### All Tangled Up

##### Stage: 3 Challenge Level:

Can you tangle yourself up and reach any fraction?

### Multiplication Arithmagons

##### Stage: 4 Challenge Level:

Can you find the values at the vertices when you know the values on the edges of these multiplication arithmagons?

### What's Possible?

##### Stage: 4 Challenge Level:

Many numbers can be expressed as the difference of two perfect squares. What do you notice about the numbers you CANNOT make?

##### Stage: 3 Challenge Level:

Think of a number, add one, double it, take away 3, add the number you first thought of, add 7, divide by 3 and take away the number you first thought of. You should now be left with 2. How do I. . . .

### Got It

##### Stage: 2 and 3 Challenge Level:

A game for two people, or play online. Given a target number, say 23, and a range of numbers to choose from, say 1-4, players take it in turns to add to the running total to hit their target.

### Frogs

##### Stage: 3 Challenge Level:

How many moves does it take to swap over some red and blue frogs? Do you have a method?

### Shear Magic

##### Stage: 3 Challenge Level:

What are the areas of these triangles? What do you notice? Can you generalise to other "families" of triangles?

### Sum Equals Product

##### Stage: 3 Challenge Level:

The sum of the numbers 4 and 1 [1/3] is the same as the product of 4 and 1 [1/3]; that is to say 4 + 1 [1/3] = 4 × 1 [1/3]. What other numbers have the sum equal to the product and can this be so for. . . .

### Picturing Triangle Numbers

##### Stage: 3 Challenge Level:

Triangle numbers can be represented by a triangular array of squares. What do you notice about the sum of identical triangle numbers?

### Enclosing Squares

##### Stage: 3 Challenge Level:

Can you find sets of sloping lines that enclose a square?

##### Stage: 3 Challenge Level:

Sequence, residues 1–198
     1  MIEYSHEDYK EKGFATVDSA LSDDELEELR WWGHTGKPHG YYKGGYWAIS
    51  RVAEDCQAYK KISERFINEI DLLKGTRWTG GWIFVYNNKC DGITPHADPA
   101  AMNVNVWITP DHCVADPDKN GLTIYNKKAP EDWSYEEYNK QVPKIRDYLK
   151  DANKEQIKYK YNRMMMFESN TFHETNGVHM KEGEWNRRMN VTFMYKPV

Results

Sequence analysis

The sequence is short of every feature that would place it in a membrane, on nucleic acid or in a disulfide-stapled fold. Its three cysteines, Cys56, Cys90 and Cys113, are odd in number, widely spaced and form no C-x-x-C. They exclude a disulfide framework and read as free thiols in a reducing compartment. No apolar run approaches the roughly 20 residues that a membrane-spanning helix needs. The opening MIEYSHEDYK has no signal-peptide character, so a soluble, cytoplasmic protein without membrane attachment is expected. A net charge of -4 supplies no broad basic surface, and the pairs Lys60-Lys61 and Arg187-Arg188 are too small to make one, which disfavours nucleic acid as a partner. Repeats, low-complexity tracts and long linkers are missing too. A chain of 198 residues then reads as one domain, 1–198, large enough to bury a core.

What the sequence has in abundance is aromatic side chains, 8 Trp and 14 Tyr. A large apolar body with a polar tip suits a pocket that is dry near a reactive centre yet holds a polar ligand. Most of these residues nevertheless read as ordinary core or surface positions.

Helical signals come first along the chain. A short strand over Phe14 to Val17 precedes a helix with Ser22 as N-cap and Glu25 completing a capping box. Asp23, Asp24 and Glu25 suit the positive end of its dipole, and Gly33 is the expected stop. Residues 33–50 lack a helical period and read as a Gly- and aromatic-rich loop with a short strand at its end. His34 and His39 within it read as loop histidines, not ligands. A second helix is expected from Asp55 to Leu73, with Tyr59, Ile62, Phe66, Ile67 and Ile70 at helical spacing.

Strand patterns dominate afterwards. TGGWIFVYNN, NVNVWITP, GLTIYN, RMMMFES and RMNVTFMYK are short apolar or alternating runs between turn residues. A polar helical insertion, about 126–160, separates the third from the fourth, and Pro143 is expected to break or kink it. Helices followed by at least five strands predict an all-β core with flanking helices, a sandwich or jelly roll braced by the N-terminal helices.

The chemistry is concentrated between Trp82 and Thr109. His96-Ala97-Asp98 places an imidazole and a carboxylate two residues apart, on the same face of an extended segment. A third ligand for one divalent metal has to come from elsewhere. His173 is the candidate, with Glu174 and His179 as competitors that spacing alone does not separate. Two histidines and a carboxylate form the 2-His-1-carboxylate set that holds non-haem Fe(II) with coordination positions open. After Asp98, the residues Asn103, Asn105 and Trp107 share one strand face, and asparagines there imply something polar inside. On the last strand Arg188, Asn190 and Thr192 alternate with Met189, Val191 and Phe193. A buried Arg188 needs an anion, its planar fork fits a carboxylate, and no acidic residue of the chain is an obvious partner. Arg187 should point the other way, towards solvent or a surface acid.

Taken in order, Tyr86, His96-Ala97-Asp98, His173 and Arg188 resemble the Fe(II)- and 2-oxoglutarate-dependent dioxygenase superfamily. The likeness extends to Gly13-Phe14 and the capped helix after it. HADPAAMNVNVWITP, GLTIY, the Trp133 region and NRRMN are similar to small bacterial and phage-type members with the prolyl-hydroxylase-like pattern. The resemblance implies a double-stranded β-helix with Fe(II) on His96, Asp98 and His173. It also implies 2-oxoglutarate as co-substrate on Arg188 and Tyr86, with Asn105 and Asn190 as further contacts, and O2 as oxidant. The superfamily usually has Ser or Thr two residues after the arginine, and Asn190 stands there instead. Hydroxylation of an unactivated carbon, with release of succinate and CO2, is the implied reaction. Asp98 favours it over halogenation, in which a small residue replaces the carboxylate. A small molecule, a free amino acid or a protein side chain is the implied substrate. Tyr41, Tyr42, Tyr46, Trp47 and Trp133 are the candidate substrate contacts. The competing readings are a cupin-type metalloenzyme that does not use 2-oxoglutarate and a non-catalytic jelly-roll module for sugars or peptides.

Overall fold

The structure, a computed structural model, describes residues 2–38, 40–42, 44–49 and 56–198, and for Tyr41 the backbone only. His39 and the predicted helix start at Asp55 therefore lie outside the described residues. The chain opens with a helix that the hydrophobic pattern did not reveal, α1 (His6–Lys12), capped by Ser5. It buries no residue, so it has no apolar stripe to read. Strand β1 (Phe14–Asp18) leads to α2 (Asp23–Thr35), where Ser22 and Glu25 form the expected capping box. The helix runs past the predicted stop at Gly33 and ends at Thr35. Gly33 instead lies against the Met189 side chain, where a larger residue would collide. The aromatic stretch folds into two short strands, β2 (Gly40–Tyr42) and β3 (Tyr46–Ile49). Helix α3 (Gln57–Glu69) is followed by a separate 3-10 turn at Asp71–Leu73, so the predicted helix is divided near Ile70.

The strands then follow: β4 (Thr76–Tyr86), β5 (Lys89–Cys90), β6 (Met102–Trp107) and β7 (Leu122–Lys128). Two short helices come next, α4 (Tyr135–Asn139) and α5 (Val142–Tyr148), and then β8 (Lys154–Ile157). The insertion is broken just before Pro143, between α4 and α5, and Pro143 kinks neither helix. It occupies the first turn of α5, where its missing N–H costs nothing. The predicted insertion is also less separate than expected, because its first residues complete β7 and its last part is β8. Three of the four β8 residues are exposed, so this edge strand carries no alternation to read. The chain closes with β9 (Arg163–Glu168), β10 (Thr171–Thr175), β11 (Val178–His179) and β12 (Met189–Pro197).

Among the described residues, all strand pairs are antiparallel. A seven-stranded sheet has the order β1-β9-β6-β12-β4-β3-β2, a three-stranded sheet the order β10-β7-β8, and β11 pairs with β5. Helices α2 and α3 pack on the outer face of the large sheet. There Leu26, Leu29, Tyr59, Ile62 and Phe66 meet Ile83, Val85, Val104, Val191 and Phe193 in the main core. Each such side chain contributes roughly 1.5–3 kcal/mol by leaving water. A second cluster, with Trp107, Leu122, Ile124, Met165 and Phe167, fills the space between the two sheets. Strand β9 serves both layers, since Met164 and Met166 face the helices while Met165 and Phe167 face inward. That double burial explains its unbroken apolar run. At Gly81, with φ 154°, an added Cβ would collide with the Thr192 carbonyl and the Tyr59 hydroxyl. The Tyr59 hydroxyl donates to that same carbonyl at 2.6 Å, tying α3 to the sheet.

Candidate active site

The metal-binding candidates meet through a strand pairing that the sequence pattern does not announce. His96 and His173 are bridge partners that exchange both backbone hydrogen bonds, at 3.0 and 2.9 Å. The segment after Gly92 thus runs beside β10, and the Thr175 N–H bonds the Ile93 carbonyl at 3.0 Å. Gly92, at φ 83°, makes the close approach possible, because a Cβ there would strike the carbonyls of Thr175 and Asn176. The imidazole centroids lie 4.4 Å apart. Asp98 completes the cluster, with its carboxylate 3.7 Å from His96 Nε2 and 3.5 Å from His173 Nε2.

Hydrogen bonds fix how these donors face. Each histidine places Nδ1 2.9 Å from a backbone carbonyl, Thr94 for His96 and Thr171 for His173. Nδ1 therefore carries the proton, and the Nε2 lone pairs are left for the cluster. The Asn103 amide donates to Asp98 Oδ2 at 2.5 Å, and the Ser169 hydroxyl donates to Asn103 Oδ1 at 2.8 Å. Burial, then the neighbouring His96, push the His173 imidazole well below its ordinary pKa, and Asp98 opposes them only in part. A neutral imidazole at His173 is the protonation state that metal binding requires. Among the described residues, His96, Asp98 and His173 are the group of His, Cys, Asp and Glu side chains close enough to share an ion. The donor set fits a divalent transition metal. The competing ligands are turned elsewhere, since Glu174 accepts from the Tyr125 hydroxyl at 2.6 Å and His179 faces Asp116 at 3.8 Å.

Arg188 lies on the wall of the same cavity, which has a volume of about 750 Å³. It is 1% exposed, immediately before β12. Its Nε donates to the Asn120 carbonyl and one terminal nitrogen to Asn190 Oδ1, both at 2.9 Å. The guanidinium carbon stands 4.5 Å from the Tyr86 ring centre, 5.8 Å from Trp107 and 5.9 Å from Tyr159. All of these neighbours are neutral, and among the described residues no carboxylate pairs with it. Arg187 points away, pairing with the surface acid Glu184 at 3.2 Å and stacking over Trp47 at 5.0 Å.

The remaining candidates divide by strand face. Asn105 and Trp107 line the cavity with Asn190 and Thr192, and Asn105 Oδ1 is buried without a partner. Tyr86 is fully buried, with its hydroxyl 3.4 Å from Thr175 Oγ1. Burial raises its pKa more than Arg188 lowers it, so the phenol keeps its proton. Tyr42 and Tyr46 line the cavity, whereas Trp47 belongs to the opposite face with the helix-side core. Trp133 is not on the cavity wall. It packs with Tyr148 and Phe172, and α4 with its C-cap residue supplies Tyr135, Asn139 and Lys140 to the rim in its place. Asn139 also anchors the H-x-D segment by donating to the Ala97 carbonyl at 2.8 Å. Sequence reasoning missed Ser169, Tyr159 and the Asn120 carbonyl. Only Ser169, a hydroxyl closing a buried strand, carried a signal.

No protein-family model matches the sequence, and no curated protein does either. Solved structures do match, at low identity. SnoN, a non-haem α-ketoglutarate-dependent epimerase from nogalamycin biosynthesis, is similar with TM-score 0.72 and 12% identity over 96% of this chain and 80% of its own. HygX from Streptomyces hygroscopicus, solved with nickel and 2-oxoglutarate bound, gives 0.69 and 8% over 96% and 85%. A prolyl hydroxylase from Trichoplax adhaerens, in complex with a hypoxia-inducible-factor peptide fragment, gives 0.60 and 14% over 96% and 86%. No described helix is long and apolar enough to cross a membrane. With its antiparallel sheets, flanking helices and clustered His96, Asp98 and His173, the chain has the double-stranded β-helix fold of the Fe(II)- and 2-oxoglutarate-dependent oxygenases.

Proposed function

List any 3 numbers. It is always possible to find a subset of adjacent numbers that add up to a multiple of 3. Can you explain why and prove it?

### In a Spin

##### Stage: 4 Challenge Level:

What is the volume of the solid formed by rotating this right angled triangle about the hypotenuse?

### Arithmagons

##### Stage: 3 Challenge Level:

Can you find the values at the vertices when you know the values on the edges?

### Konigsberg Plus

##### Stage: 3 Challenge Level:

Euler discussed whether or not it was possible to stroll around Koenigsberg crossing each of its seven bridges exactly once. Experiment with different numbers of islands and bridges.

### Steps to the Podium

##### Stage: 2 and 3 Challenge Level:

It starts quite simple but great opportunities for number discoveries and patterns!

### Loopy

##### Stage: 4 Challenge Level:

Investigate sequences given by $a_n = \frac{1+a_{n-1}}{a_{n-2}}$ for different choices of the first two terms. Make a conjecture about the behaviour of these sequences. Can you prove your conjecture?

##### Stage: 4 Challenge Level:

A counter is placed in the bottom right hand corner of a grid. You toss a coin and move the star according to the following rules: ... What is the probability that you end up in the top left-hand. . . .

### Triangle Numbers

##### Stage: 3 Challenge Level:

Take a look at the multiplication square. The first eleven triangle numbers have been identified. Can you see a pattern? Does the pattern continue?

### For Richer for Poorer

##### Stage: 3 Challenge Level:

Charlie has moved between countries and the average income of both has increased. How can this be so?

### Summing Consecutive Numbers

##### Stage: 3 Challenge Level:

Many numbers can be expressed as the sum of two or more consecutive integers. For example, 15=7+8 and 10=1+2+3+4. Can you say which numbers can be expressed in this way?

### Maths Trails

##### Stage: 2 and 3

The NRICH team are always looking for new ways to engage teachers and pupils in problem solving. Here we explain the thinking behind maths trails.

### Masterclass Ideas: Generalising

##### Stage: 2 and 3 Challenge Level:

A package contains a set of resources designed to develop pupils’ mathematical thinking. This package places a particular emphasis on “generalising” and is designed to meet the. . . .

##### Stage: 3 Challenge Level:

A little bit of algebra explains this 'magic'. Ask a friend to pick 3 consecutive numbers and to tell you a multiple of 3. Then ask them to add the four numbers and multiply by 67, and to tell you. . . .

### Chocolate Maths

##### Stage: 3 Challenge Level:

Pick the number of times a week that you eat chocolate. This number must be more than one but less than ten. Multiply this number by 2. Add 5 (for Sunday). Multiply by 50... Can you explain why it. . . .

### Cubes Within Cubes Revisited

##### Stage: 3 Challenge Level:

Imagine starting with one yellow cube and covering it all over with a single layer of red cubes, and then covering that cube with a layer of blue cubes. How many red and blue cubes would you need?